Director’s Desk: Thoughts about Juneteenth

Tomorrow is June 19, now a Federal Holiday known as Juneteenth that commemorates the end of American slavery, in general, and specifically, the freeing of slaves in Texas by Union troops during the Civil War.

Slavery made this nation rich. At its height, slavery was a $3 billion-plus industry and a major engine of the U.S. economy. Industries throughout the states both supported, and were supported by, slavery. By 1850, 80% of American exports were the product of slave labor. The estimated value of enslaved people increased 500% between 1790 and 1860, from $200 million to around $3.059 billion.

Slavery was indispensable to European development of the New World. It is inconceivable that European colonists could have settled and developed North and South America and the Caribbean without slave labor. 

In the pre-Civil War United States, slavery played a critical role in economic development. One crop, slave-grown cotton, provided over half of all US export earnings. By 1840, the South grew 60 percent of the world’s cotton and provided some 70 percent of the cotton consumed by the British textile industry. Thus slavery paid for a substantial share of the capital, iron, and manufactured goods that laid the basis for American economic growth.

To defend the existence of this “peculiar” American institution, an elaborate system of racialized mythologies were invented to justify the slave trade. Advocates of slavery argued that science and religion proved white racial superiority: under this view, white people were “smart,” “hard-working,” and more intellectually and morally evolved, while Black people were “dumb,” “lazy,” “child-like”, and in need of guidance and supervision. In 1857, for example, Mississippi Governor William McWillie declared:

“The institution of slavery is as justifiable as the relation of husband and wife, parent and child, or any other civil institution of the State, and is most necessary to the well-being of the negro, being the only form of government or pupilage which can raise him from barbarism, or make him useful to himself or others; and I have no doubt but that the institution, thus far in our country, has resulted in the happiness and elevation of both races; that is, the negro and the white man.”

Eight generations after the Emancipation Proclamation and the 13th Amendment allegedly outlawed slavery in these United States, the net worth of a typical white family ($171,000), is nearly ten times greater than that of a Black family ($17,150) in 2016. Any tour of urban Philadelphia will validate the historical legacy of this statistic.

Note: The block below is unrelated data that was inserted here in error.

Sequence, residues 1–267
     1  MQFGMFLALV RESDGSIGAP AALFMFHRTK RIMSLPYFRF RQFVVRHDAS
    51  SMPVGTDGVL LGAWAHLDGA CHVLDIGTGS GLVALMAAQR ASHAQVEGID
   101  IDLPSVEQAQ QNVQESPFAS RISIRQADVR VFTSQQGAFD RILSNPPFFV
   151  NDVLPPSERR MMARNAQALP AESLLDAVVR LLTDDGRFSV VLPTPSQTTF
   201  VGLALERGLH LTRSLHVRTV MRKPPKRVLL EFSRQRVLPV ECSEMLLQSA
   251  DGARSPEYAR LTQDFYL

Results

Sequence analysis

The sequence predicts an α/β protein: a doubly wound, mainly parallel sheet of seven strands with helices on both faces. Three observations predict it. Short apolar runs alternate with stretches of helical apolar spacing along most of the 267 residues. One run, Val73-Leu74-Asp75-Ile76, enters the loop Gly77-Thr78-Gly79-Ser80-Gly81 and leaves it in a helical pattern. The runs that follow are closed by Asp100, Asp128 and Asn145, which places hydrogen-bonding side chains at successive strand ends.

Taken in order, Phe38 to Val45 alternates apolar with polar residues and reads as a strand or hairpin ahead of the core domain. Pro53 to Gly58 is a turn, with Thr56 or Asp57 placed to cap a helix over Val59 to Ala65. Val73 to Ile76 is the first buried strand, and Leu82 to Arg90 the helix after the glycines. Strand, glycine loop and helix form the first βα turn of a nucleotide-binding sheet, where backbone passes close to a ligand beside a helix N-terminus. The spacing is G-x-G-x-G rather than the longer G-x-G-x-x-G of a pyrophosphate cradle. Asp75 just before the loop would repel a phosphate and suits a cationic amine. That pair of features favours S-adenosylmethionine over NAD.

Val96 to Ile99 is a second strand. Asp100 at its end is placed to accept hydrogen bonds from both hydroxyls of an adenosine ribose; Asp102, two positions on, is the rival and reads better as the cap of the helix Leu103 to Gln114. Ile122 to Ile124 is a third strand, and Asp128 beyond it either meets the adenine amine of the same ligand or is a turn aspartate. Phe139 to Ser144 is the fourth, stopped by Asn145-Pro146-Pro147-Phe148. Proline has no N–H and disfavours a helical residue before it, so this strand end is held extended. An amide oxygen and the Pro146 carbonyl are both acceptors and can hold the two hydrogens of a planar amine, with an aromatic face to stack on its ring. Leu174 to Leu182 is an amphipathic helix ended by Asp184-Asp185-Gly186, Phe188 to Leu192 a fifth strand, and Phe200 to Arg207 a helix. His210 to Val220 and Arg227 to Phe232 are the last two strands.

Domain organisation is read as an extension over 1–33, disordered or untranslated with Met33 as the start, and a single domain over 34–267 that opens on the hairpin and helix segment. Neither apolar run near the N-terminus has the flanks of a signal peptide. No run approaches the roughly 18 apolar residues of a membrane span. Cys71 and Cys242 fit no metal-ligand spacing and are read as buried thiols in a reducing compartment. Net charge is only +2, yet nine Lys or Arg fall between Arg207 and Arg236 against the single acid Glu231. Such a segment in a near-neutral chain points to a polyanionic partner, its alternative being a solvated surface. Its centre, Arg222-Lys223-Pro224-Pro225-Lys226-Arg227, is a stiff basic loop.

My family began its climb out of poverty into the solid middle class when my father, newly discharged from the Army in 1945 at the end of World War Two, was able to secure a G.I. loan from the government to buy his first home. We now know that these loans were systematically denied to hundreds of thousands of African Americans veterans who had risked their lives fighting for their country against the fascist axis powers.

As the civil rights movement brought arguments about the “Negro Question” into family dinner conversations across the nation, I heard on many occasions the refrain from Uncle Charlie that “Negro poverty” was “their own fault;” that the Watts “rioters” were all criminals; that white people were genetically superior to “the colored.” Sadly, I have heard similar statements from the well-to-do immigrants in the wealthy suburbs of our city. This should not be shocking to us at all, for racism is a contagious disease. The continued existence of white supremacy allows us the opportunity, especially for those of us who are white, to continue to call on the better angels of our nature to oppose racism against any of the marginalized populations of our nation.

I have heard it said that American Muslims should have little involvement in Juneteenth celebrations, and instead, concentrate their energies on “purely” Islamic matters. I could not disagree more, for I have learned from many of you that justice is central to living a Muslim life. “O you who have believed, be persistently standing firm in justice, witnesses for Allah, even if it be against yourselves or parents and relatives.” [Qur’an, 4:135] This is why so much of CAIR-Philadelphia’s work involves around the defense of justice for Muslims in India, China, Myanmar, Syria, Palestine all throughout this vast country, Juneteenth, while justly celebrating the accomplishments, paid in blood, by Black folk on the journey to freedom, should not be viewed only as a “Black Holiday,” but rather, in our opinion, as an “American Holiday,” demanding of us a renewed commitment to nation where all are created equal and endowed with inalienable rights.

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